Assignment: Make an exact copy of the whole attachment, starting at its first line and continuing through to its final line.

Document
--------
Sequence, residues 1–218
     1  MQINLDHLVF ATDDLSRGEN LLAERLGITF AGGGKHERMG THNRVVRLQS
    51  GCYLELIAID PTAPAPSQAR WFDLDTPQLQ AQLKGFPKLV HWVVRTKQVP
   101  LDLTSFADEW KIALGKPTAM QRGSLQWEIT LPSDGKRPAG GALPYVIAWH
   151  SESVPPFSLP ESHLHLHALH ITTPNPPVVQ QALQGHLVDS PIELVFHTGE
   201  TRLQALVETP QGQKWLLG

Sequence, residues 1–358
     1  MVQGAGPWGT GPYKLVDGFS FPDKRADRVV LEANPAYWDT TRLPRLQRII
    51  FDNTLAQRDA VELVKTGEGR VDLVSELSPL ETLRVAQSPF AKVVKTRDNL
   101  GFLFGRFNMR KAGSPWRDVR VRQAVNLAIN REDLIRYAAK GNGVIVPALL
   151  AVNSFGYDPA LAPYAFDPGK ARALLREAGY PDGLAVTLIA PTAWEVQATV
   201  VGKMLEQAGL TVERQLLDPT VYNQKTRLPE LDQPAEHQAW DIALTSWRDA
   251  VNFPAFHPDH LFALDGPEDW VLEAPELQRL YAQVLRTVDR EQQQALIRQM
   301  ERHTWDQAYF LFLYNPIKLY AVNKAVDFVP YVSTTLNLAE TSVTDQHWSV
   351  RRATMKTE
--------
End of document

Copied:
Sequence, residues 1–218
     1  MQINLDHLVF ATDDLSRGEN LLAERLGITF AGGGKHERMG THNRVVRLQS
    51  GCYLELIAID PTAPAPSQAR WFDLDTPQLQ AQLKGFPKLV HWVVRTKQVP
   101  LDLTSFADEW KIALGKPTAM QRGSLQWEIT LPSDGKRPAG GALPYVIAWH
   151  SESVPPFSLP ESHLHLHALH ITTPNPPVVQ QALQGHLVDS PIELVFHTGE
   201  TRLQALVETP QGQKWLLG

Sequence, residues 1–358
     1  MVQGAGPWGT GPYKLVDGFS FPDKRADRVV LEANPAYWDT TRLPRLQRII
    51  FDNTLAQRDA VELVKTGEGR VDLVSELSPL ETLRVAQSPF AKVVKTRDNL
   101  GFLFGRFNMR KAGSPWRDVR VRQAVNLAIN REDLIRYAAK GNGVIVPALL
   151  AVNSFGYDPA LAPYAFDPGK ARALLREAGY PDGLAVTLIA PTAWEVQATV
   201  VGKMLEQAGL TVERQLLDPT VYNQKTRLPE LDQPAEHQAW DIALTSWRDA
   251  VNFPAFHPDH LFALDGPEDW VLEAPELQRL YAQVLRTVDR EQQQALIRQM
   301  ERHTWDQAYF LFLYNPIKLY AVNKAVDFVP YVSTTLNLAE TSVTDQHWSV
   351  RRATMKTE